Carson says with the upcoming launch of Rohrer’s ecoCombo, which she describes as “the packaging industry’s first post-consumer recycled materials combo program,” they have helped their partners promote this sustainable packaging choice with consumers by offering a sustainable packaging seal for them to use in the program. Rohrer also partnered with One Tree Planted to plant a tree with every ecoCombo order.
“Most beauty brands want to communicate an eco-message to their customers,” says Federico Prestini, managing director, Premi Beauty Industries. He explains, “The driving trend is the idea that the customer wants to know the message behind the product—and now it is becoming more important than the product itself.” He adds, “The customer doesn’t choose a beauty product, but the philosophy/mission behind it. Our strength is packaging design and we propose eco-packaging with a design that follows the latest beauty trends.”
Robert Bulla, director of engineering & packaging, APC Packaging, credits the “younger generation” for the rising demand for sustainable packaging, and supports the idea that sustainability is not a trend. He says, “It is a reality that demands to be recognized not just because the younger generation is more vocal, but it is a reality that will hit us all like a slap in the face even if we choose to ignore it for the moment.
I would say the younger generation is driving a more vocal trend away from single-use packaging and recyclable materials.”
Bulla says APC is asked almost daily if they have sustainable options available that meet each brand’s view of sustainability. He says, “I believe the trend has always been there and sought after by some brands more than others over the years. Skincare and color cosmetic brands have always had an ear trained on their customers more so than other industries due to the very nature of the products they sell. I believe many suppliers are only now realizing it’s not a trend in the business, but brands have become more vocal to their suppliers on the subject.”
First Steps Toward Making an Eco-Impact
With so many criteria and packaging options available—complicated by formulation sensitivities, dispensing functionality and, of course, eye-catching attractiveness, what are some good starting points for brands eager to incorporate more sustainable packaging?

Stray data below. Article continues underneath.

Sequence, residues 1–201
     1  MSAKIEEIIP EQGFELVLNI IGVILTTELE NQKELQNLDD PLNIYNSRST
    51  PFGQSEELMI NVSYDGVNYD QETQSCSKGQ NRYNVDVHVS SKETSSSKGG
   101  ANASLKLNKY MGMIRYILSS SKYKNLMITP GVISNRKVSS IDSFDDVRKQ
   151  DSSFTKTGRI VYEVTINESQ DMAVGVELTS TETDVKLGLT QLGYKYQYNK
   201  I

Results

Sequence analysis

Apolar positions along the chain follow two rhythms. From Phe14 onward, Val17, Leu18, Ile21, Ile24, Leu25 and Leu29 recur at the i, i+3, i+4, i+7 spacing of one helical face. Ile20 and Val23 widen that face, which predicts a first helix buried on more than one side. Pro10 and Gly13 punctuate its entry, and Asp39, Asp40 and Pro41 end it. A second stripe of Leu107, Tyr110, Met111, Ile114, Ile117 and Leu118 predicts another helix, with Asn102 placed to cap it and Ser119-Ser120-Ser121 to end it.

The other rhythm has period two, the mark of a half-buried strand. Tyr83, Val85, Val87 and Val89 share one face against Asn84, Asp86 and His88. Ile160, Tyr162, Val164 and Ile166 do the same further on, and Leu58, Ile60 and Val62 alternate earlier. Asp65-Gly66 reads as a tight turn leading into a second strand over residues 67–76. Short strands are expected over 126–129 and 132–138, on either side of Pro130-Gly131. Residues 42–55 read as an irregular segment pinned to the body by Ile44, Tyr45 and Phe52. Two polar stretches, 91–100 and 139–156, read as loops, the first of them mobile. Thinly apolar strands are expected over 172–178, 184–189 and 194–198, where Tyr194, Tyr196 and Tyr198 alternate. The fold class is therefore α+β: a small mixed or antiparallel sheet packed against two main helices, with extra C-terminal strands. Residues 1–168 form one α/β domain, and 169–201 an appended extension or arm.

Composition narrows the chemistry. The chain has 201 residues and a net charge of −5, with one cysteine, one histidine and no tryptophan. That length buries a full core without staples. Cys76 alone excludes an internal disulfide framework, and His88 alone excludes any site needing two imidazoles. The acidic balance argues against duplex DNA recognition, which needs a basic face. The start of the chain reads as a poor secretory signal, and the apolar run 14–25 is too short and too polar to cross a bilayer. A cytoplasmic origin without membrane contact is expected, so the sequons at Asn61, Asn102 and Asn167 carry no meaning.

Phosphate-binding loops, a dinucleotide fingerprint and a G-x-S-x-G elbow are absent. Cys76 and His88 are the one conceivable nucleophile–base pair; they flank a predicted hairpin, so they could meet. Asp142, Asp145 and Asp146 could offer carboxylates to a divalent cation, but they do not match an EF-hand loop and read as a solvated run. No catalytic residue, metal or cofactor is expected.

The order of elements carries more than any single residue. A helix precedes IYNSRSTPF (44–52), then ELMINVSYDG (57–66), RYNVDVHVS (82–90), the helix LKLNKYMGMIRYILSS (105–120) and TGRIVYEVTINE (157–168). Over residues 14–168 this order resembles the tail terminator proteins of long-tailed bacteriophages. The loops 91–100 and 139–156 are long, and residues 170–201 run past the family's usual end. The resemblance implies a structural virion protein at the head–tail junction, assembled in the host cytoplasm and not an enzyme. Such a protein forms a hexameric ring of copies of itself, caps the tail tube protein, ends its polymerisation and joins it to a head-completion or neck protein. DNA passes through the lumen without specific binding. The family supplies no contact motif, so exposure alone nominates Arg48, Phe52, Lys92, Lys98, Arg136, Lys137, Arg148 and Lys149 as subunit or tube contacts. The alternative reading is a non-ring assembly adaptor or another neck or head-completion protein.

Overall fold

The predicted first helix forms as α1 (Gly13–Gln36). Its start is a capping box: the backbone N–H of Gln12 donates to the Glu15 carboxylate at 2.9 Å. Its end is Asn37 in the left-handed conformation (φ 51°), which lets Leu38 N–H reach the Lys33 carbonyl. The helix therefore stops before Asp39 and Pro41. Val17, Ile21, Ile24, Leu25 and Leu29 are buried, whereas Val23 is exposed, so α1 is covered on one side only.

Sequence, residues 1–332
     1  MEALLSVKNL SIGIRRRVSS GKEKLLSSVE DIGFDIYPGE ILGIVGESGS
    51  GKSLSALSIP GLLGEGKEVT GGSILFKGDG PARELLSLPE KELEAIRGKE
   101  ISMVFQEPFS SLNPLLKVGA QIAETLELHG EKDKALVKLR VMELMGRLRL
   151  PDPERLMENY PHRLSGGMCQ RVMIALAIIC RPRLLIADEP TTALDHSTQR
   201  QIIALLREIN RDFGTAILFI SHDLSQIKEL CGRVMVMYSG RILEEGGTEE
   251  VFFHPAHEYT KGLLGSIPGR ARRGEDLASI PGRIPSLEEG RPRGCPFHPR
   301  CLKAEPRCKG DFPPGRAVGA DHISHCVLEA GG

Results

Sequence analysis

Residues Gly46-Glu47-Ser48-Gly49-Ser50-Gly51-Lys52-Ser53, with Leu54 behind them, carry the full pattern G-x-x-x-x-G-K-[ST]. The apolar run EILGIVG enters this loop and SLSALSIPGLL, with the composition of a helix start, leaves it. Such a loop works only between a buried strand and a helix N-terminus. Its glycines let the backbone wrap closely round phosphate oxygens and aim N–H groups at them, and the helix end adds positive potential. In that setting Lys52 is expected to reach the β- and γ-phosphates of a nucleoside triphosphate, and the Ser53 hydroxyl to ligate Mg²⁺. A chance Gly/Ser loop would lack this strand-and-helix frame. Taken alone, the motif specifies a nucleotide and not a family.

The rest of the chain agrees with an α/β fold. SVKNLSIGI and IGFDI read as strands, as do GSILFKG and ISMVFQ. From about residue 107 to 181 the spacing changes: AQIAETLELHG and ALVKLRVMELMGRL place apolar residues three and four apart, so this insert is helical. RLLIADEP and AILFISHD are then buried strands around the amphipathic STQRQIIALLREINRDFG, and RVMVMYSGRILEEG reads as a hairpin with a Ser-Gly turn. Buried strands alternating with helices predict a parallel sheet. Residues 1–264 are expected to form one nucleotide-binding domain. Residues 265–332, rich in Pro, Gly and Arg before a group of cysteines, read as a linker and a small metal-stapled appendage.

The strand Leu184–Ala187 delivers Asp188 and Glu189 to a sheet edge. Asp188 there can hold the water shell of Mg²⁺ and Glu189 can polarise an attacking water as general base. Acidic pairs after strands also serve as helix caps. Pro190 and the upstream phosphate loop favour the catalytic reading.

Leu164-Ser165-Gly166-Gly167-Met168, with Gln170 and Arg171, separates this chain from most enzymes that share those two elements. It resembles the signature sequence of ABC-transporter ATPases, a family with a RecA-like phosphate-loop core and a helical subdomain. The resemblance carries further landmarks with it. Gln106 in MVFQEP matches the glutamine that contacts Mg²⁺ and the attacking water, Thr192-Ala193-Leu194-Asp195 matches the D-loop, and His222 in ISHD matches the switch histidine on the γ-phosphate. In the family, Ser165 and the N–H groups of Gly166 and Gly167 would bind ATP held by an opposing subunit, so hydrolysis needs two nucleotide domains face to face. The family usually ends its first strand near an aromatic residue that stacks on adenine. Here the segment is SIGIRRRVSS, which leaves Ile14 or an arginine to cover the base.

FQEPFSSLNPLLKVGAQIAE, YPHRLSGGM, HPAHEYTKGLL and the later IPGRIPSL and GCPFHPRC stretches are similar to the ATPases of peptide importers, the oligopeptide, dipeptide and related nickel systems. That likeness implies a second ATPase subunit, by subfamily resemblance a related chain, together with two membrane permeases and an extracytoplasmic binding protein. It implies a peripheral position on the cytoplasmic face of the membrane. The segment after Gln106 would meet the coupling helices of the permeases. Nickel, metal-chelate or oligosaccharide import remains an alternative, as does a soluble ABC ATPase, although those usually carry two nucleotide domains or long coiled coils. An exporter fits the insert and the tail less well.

Mintel’s Luttenberger suggests that brands that can’t eliminate plastic from their packaging, or that use mixed material structures, need to be upfront with consumers about how they are addressing the plastic pollution, recyclability, and greater sustainability issues. He says, “Empathy is a great strategy. Ensure consumers know that your brand understands their concerns for the environment, and that you are working toward more environmentally responsible solutions, but that this responsibility is not an all-or-nothing proposition. It will take time, and progress will most likely be made incrementally.”
HCT Group’s Chun advises brands to go step by step, saying, “It is hard to check off every box for sustainability to make everything refillable, recyclable, and made of recycled materials all at once. He says, “Small changes are okay, like adding a percentage of PCR. As more brands continue to launch with that, the market will follow and continue to make sustainable packaging the standard.”
Depending on the degree of sustainability brands aspire to, they may have to make certain compromises. Chun says HCT is looking into ways to minimize the aesthetic changes a brand will need in order to make more sustainable packaging, “but the reality of most recycled material will inherently have a bit more cosmetic defects than their virgin counterparts. In addition, recyclable packages will need to avoid certain types of over sprays, metallization and decorations to be recyclable.”